Stephen Duffy - My Birmingham


I was born, at home, in Highfield Road, Alum Rock. A fact now considered fanciful, by those with a short memory. I went to Washwood Heath Comprehensive School. 


The teachers drank at the Ward End, the pupils at the Manor House which, like my childhood, has disappeared. I wasn’t at all academic. I didn’t listen, as I didn’t think anyone said anything interesting, but as I wasn’t listening how did I know? I heard the voice of Dylan Thomas so I liked English and we studied the Vietnam War, which was still being fought, so I liked History.


After failing most of my O levels and CSE’s I just went back to the sixth form as if nothing had happened. Mr Pearson, the head of art and thankfully my form teacher, put me in an art class and gave me a camera . He knew Thatcher was coming and told me to go to college because soon working class kids wouldn’t be able to. The schools camera was a Praktica without a light meter. They showed me how to use a light meter but again I didn’t listen. I guessed. They let me take it out of school and make pictures. Such was the trust then. Pearson asked me to record the summer fete for a slide show at parents evening. I chose to make black and white Agfa Gevaert film transparencies which perhaps weren’t as cheerful as everyone had hoped.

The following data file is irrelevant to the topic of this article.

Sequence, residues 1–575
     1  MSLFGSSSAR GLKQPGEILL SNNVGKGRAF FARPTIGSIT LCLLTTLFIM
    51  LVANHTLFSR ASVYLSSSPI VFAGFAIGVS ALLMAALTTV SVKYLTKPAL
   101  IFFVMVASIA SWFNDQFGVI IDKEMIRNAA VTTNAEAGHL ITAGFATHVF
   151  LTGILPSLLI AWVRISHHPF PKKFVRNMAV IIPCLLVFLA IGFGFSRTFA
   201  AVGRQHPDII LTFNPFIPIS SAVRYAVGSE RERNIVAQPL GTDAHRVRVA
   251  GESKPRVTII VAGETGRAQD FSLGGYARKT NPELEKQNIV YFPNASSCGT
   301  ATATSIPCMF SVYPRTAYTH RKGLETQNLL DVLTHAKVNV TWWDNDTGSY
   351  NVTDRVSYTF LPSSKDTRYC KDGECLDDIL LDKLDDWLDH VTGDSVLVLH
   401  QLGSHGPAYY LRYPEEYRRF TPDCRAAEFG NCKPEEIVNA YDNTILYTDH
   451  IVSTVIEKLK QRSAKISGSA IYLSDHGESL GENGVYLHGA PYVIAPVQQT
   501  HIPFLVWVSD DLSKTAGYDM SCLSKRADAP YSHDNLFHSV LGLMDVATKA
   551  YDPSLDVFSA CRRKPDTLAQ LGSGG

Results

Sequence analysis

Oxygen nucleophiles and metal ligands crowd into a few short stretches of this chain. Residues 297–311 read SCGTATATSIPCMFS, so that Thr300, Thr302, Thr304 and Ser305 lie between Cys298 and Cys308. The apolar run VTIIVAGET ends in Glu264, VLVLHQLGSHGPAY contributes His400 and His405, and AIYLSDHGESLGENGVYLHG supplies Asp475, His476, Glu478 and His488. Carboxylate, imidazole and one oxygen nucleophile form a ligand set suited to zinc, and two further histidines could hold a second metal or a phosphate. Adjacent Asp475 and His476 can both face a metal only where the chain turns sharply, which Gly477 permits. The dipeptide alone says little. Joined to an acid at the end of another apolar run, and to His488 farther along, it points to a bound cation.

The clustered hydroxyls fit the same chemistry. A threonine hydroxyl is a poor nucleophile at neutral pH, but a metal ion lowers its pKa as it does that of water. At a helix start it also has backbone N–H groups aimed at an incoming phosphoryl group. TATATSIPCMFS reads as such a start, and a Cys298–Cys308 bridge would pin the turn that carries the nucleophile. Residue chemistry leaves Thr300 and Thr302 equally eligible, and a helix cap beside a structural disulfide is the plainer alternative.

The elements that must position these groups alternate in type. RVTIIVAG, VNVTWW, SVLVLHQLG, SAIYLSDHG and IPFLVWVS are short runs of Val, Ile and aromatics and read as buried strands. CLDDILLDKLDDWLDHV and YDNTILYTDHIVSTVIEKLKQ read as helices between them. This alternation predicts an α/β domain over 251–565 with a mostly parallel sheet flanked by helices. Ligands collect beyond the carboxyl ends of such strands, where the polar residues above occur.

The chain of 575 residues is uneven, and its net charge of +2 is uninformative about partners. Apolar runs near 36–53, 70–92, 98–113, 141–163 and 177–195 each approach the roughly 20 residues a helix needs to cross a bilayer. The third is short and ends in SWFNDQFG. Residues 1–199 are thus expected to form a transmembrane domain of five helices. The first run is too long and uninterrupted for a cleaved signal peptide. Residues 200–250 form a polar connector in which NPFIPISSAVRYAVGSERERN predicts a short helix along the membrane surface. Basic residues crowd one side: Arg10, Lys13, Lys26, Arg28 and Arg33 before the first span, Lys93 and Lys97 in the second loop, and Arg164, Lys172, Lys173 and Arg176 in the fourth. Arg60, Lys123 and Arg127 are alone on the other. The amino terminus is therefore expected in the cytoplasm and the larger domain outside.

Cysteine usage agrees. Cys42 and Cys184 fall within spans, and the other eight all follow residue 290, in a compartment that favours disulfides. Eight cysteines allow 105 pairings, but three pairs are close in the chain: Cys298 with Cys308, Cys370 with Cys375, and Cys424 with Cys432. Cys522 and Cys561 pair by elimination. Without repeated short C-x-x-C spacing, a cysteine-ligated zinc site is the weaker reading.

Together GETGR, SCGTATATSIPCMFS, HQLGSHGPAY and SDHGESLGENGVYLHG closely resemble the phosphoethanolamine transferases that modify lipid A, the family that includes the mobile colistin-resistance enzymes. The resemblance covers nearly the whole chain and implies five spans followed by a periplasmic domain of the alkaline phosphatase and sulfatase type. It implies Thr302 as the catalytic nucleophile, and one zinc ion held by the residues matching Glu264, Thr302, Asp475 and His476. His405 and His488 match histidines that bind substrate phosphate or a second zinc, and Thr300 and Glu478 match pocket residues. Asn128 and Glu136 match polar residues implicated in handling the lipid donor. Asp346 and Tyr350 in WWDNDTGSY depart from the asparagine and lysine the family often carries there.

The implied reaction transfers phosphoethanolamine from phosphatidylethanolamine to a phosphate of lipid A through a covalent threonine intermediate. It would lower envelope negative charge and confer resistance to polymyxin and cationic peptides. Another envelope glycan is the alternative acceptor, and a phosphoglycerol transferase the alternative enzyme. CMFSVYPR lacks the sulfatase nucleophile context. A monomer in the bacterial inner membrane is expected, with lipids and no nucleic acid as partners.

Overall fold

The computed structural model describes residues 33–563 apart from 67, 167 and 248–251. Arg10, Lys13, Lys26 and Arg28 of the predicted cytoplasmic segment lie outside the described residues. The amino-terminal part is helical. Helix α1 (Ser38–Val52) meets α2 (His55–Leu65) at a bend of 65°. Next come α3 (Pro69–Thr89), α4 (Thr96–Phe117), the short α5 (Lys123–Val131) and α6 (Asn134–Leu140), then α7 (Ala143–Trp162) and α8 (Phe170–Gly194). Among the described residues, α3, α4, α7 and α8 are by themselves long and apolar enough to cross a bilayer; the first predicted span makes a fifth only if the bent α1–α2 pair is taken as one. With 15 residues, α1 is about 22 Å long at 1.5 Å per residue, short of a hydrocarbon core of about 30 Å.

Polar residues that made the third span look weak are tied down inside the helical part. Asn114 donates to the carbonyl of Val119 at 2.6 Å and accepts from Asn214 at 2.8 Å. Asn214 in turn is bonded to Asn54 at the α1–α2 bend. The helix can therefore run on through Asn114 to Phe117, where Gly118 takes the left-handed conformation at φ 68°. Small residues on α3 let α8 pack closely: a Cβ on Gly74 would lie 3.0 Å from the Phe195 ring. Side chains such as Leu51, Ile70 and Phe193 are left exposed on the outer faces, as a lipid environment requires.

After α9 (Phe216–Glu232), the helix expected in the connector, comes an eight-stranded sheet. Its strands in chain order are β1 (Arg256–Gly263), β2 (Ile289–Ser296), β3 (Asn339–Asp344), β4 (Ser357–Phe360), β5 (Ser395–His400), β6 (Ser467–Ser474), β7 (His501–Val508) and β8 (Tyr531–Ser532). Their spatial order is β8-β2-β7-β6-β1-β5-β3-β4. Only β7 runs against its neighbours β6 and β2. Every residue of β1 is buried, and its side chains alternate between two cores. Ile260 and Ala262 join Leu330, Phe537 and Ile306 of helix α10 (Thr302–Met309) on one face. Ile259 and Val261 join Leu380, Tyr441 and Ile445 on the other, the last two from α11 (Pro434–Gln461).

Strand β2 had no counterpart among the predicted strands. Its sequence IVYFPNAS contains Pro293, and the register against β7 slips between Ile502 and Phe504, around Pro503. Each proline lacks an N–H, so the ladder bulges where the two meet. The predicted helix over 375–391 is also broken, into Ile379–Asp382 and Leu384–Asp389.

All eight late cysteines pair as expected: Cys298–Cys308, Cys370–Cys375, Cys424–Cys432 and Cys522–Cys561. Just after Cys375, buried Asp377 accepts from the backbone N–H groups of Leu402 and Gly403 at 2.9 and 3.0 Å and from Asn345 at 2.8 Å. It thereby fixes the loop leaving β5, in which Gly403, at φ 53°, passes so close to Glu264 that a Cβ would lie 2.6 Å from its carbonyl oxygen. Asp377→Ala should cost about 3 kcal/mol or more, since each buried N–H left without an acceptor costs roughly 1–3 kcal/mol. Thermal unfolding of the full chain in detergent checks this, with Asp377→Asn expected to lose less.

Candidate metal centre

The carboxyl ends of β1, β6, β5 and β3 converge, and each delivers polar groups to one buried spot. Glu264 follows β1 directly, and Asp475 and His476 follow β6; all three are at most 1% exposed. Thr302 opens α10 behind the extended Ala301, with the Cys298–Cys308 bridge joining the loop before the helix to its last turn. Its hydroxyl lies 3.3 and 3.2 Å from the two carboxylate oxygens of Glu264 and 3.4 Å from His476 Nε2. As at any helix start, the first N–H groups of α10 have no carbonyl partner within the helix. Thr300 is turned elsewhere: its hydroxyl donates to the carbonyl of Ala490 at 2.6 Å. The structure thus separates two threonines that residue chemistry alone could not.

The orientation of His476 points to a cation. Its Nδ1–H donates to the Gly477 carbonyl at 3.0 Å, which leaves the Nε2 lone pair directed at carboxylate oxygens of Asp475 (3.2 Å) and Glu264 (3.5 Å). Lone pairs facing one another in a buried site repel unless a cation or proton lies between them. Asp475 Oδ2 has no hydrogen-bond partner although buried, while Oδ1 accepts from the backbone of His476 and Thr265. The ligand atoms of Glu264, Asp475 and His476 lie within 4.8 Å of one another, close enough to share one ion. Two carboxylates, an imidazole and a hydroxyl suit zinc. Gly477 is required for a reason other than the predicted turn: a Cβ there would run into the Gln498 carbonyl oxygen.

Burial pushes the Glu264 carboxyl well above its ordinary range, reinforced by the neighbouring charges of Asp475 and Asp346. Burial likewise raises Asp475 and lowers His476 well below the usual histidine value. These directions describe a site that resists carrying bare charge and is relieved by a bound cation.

In the winter, as I approached my final year at school, I wandered the streets of the city taking pictures. Around Barabarellas in Cumberland Street and The Crown, Hill Street. Down roads that have also disappeared past buildings that witnessed magic. The Walkman hadn’t been invented then so I thought about music and played the songs in my head. Even the shortest days were long. It started to snow.

I took my slides to the Fazeley Street Department of Foundation Studies where they accepted me on the course even before I failed my Art A level. Once there I gave up photography and art and concentrated on writing songs and starting groups. But what an amazing building that was. No wonder they had to knock it down, like The Golden Eagle and Barbarellas they had to destroy what kills them. The joy they don’t have, the creativity that is a mystery to them. Physically I left Birmingham five years later so these transparencies, where everything is so far away, is still my home town. It’s drizzling, what isn’t falling down is being knocked down, but there’s a Jean Luc Goddard film on at the Arts Lab, after a quick one at the Red Star Club, the Slits are playing Barbarellas and your girlfriends parents are both on nights.



Stephen Duffy December 2014